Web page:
I have a 22 T. I was at a Model T driving experience and the cars flew up a hill in low. My car doesn’t seem to have nearly that power on a level ground. Doesn’t seem to have a lot of throttle. Clutch does not appear to be slipping.Running it on battery. Had the coils rebuilt but it sputters on Magneto. Also, e brake doesn’t hold. Going to try and adjust the rod.
They tend to have more power on MAG. Also if I remember yours is a sedan right? Those are heavy, and Ford equipped some with special gearing in the rear axle to compensate. You might think about changing rear axle ratios or installing a Ruckstell.
Thank you for the information. Yes, it is a sedan. No one in my area works on these. I think my best option is to get rid of the car.
If it “sputters on mag” at least the mag is working however poorly. Something you might try is to take the mag post out of the hogshead. Lint and other debris have been known to disrupt the contact of the needle in the post with the magneto ring.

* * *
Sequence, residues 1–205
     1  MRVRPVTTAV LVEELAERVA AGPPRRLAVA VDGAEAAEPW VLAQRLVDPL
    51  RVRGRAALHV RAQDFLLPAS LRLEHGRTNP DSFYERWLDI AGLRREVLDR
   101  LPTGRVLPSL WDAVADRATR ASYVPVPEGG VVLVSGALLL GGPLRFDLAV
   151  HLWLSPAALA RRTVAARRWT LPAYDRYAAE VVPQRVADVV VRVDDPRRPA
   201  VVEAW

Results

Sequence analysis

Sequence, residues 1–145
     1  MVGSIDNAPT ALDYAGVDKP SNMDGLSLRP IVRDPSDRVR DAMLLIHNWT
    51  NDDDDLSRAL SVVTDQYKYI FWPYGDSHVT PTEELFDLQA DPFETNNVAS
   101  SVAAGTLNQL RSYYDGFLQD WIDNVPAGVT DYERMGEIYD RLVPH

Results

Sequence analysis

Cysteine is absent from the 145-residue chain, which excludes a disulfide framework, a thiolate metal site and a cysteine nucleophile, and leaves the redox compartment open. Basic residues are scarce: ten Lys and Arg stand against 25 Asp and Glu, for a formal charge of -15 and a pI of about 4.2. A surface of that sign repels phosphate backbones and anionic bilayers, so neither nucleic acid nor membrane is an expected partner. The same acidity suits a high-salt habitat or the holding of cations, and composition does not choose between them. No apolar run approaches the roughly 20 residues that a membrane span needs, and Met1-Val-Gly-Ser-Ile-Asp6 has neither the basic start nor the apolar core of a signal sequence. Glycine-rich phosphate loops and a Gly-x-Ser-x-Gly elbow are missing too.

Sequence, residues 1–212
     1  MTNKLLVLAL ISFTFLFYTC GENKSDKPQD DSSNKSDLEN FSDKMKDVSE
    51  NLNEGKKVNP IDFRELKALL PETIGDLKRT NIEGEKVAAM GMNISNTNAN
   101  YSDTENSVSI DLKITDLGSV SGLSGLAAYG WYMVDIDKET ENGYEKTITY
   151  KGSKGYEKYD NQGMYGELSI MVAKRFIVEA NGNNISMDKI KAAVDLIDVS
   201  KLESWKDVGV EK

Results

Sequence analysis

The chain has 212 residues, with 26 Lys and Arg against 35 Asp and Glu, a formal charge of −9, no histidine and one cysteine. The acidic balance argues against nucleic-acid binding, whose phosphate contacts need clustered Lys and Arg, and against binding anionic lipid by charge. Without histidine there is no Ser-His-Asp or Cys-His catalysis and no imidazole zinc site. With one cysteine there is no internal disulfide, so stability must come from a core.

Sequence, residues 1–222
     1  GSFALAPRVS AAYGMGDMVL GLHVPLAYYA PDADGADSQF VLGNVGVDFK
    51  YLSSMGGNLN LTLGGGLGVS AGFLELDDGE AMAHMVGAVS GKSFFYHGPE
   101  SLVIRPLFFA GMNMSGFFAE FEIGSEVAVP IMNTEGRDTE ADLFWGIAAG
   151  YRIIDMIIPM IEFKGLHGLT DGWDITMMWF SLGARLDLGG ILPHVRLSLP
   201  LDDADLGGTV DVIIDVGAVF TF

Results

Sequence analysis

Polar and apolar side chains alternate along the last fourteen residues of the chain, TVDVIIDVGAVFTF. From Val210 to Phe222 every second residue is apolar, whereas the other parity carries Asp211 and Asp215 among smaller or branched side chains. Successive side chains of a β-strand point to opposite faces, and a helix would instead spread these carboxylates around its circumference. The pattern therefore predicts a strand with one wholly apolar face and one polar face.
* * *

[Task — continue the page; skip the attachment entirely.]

It is also a relatively simple matter to check the magneto output. Magnetos put out around 25 volts AC at idle and a hot mag anywhere from 30 to 50 volts AC at Model T highway speeds (25 mph) depending on over all magneto conditions. These values are guide lines and not absolutes.
If you want to measure output you need an old fashion analog AC voltmeter the kind with a needle that reads 50V or more. New fangled digital meters go crazy. Just measure between magneto post to a good ground and since it is AC doesn’t matter which lead goes where. Run the engine on battery to make the test.
Something else to consider: Auto Inn is on the money about closed cars being heavy with respect to the horsepower the Model T engine provides. All additional weight is proportionately more significant to a Model T engine at 20 horsepower than a car with several hundred horsepower.
Hope this helps.